Viper was a ride with several unique elements, but one that was often overlooked was the station configuration.   The station had two blocks, creating separate load and unload positions which meant guests got on and off the train on the same side.   This often caused confusion with disembarking guests stepping out of the wrong side of the train.  In theory the configuration could increase capacity with one train loading while another cycled and then unloaded. However, with the confusion of guests trying to find their stowed articles when their train arrived in a different position than it had left, it often slowed things down.






Another challenge to the crew of Viper was the ride’s unique restraint system that was unlike anything most guests had seen before.   The restraint was a two part system, with a lap bar and independent shoulder harness which had to be lowered.   Often the train would have to be locked and unlocked several times when guests would either set their shoulder harness too high or too low. 
 
   
   
   
   
   
   
   
   
   
   
   
   
   
   
   
   
   
   
   
     
     
Technical Information
Manufacturer: Togo International-  Middletown,Ohio
Ride Model: Heartline Roller Coaster
Description: The world's first standard roller coaster capable of a 360 degree heartline roll.
Opening Date: June 1995
Height: 88.6 feet
Height of Loop: 65 feet
Track Length: 1670 feet
Approximate Ride Time: 144 seconds
Number of Trains: 3
Number of Cars: 4 per train
Riders Per Car: 4 per car
Seating Capacity: 16 riders per train
Restraints: Lap Bars and Shoulder Restraints
Capacity: Approx. 1200 passengers per hour
 
     
     











Like the Ultra Twister before it, Viper suffered a great deal of downtime as prototypical problems were worked out.  Track sections were re-welded on a somewhat regular basis as the stress of the trains on the rails took its toll on the rides joints.  At least twice in the 10 years the ride was at the park sections of track or individual rails were removed and replaced completely as the maintenance crews fought to stay ahead of the ride’s problems.  The coaster's problems led to it remaining closed for the entire 2001 season.




One modification made to the coaster was a series of maintenance access steps.   A ladder was added to access the top of the dive loop, and along the spine of the track additional safety holds were added for easier access to the track for inspections and if necessary to free the trains if they should get stuck in the twist. 

 

 The queue area for Viper became home to a western themed comedy show, which served to entertain the guests in line as well as those passing by.  The show utilized the set pieces of the ghost town as backdrop and props for the show, with a set of steps from the building’s “second floor” where actors could enter and exit the stage area. 

 









     
     
     
     
Click the placard below for video of
VIPER
 
     
     

 

In 1999 when the park declared a “War on Lines” the new Medusa floorless coaster was added just across the bridge, and a part of the Viper’s queue was taken over by the addition of the Rodeo Stampede ride.  Since Viper’s popularity declined the additional queue area was no longer needed to handle the crowds.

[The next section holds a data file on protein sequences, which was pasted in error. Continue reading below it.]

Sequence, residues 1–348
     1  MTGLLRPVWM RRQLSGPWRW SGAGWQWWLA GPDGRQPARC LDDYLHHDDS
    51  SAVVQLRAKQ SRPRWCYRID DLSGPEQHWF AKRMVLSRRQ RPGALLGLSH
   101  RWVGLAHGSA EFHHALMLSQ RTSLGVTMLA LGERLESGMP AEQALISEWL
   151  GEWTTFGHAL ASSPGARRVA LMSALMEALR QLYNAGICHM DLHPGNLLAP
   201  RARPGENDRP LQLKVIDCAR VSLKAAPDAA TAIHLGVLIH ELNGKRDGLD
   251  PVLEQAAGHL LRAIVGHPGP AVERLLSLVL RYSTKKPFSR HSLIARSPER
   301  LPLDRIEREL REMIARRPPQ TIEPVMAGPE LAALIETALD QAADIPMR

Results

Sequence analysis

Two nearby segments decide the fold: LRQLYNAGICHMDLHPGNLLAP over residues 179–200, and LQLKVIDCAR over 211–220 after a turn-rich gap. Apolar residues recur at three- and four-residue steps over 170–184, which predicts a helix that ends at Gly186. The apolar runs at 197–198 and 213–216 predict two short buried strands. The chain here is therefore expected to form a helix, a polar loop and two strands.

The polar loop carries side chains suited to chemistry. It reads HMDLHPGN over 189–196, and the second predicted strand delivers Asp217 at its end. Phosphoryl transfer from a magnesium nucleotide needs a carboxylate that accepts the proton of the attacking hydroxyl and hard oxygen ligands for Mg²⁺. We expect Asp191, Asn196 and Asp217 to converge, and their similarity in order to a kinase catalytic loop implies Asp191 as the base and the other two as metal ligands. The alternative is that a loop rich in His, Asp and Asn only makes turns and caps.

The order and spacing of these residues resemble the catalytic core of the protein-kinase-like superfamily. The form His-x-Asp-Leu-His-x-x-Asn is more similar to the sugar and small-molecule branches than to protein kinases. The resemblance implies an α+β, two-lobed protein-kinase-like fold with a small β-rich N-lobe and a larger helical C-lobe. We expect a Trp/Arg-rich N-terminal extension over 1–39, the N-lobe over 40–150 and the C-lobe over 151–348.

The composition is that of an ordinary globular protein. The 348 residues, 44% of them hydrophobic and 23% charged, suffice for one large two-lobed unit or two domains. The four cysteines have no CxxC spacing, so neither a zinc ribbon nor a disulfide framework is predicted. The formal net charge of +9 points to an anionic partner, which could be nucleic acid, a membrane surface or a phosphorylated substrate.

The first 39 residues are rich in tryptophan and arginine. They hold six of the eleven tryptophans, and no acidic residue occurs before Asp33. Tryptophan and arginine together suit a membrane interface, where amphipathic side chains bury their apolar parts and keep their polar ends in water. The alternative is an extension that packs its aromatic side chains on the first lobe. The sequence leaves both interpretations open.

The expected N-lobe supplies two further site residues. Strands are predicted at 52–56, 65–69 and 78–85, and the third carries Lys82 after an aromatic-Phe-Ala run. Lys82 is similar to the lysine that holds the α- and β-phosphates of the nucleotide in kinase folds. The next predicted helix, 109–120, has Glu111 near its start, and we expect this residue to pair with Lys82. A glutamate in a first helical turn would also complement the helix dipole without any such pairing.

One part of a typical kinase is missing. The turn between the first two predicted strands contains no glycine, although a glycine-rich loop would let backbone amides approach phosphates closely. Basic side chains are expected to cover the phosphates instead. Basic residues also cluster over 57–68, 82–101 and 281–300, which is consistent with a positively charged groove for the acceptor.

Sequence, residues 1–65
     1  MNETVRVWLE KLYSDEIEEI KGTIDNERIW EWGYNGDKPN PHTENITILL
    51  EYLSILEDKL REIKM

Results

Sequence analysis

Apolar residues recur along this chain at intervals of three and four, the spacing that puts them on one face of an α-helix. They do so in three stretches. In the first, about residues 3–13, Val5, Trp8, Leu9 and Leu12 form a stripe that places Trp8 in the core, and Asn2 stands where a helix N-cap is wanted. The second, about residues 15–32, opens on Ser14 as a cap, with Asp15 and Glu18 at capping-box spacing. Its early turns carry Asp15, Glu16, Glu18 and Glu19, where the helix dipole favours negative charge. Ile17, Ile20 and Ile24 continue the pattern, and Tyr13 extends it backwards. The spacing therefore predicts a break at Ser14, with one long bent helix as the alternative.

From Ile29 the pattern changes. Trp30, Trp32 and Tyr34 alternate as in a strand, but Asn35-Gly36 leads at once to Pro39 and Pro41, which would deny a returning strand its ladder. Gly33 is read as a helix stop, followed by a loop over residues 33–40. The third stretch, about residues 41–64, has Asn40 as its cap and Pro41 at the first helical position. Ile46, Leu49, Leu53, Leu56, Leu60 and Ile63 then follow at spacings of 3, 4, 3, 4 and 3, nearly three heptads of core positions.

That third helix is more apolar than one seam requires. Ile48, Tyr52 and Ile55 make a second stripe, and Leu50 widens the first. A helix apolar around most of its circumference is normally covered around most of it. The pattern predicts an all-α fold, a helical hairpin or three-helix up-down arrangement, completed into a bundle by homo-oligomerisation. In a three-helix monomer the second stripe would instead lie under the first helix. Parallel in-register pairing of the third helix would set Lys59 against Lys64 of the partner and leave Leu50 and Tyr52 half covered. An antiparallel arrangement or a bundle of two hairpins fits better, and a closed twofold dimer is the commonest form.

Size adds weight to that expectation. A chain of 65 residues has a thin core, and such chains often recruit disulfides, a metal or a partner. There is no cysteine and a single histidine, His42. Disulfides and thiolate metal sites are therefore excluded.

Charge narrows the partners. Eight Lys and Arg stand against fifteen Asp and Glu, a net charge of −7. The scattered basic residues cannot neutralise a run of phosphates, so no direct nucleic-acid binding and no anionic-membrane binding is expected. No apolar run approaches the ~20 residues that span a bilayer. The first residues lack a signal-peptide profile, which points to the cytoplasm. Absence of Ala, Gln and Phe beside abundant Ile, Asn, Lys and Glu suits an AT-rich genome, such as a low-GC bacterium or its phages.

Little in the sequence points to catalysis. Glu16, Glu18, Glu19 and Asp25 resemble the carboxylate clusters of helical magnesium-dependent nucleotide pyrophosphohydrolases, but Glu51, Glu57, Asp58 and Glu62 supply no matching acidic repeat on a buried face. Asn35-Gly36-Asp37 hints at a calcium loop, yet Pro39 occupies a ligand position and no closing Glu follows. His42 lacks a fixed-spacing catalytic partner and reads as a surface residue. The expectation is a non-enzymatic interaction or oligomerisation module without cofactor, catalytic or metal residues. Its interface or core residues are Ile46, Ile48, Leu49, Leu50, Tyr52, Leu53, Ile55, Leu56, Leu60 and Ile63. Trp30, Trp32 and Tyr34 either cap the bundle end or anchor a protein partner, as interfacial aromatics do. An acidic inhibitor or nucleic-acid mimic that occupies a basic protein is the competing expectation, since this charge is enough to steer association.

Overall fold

Over the ten short years Viper was at the park, the ride experience got progressively rougher, with ridership diminishing each season.   The ride aged badly, and even with the increase in foot traffic with the addition of the Rodeo Stampede and Medusa in the area, nothing could improve the public opinion of the coaster.  The ride’s photo booth was boarded up since it was no longer used, and its secluded location at the back of the ride made it a target for graffiti and vandalism.  The ghost town sets began to fall apart beyond their intended weathered look, exposing the modern construction materials.   Since the ride was no longer a marquis attraction, its appearance was considered unimportant and it became faded and neglected looking.  

 













   
   




   
   




   




   
   




   
   
   
   
     
 

 
     






     
     


As the 2005 season started Viper never reopened and it quickly became apparent it would not be re-opening as the area was closed off and removal of the ride began.  At first rumors were circulating that it was being moved to another Six Flags park, but it quickly became apparent that the ride was being scrapped as the jagged pieces of crushed steel became visible. 

As the ride was removed over April and May rumors of a replacement swirled.  But, with the opening of Kingda Ka and the Golden Kingdom area of the park that spring, most people dismissed the rumors of another huge new coaster being added in its place until the park presented plans for a new coaster to the Jackson Township Planning Board, and even then many dismissed the replacement for Viper as being something small. 

 












Clearing of Viper’s structure along with the removal of the ghost town queue. The removal of the track from the station was done carefully to preserve the building for the new coaster, though the matching train shed was razed. Everything including the concrete footers were removed and hauled away to create a clean slate for construction to begin.


















   
   
   
   
   
   
   
   
   
   
   
   
     



Towards the end of summer, the announcement was made that the former Viper location was going to become home to a new record breaking wooden roller coaster called El Toro, which was to become the anchor of another entirely new themed area of the park, Plaza del Carnavale. The mission style station building would be re-used as the station for El Toro, but with major reconfiguration of the exit to the opposite side of the building. 




















Viper, which many coaster enthusiasts considered one of the worst coasters ever built is long gone, but its replacement El Toro has proven to be a more than worthy replacement, with most riders ranking it as one of the world’s best roller coasters.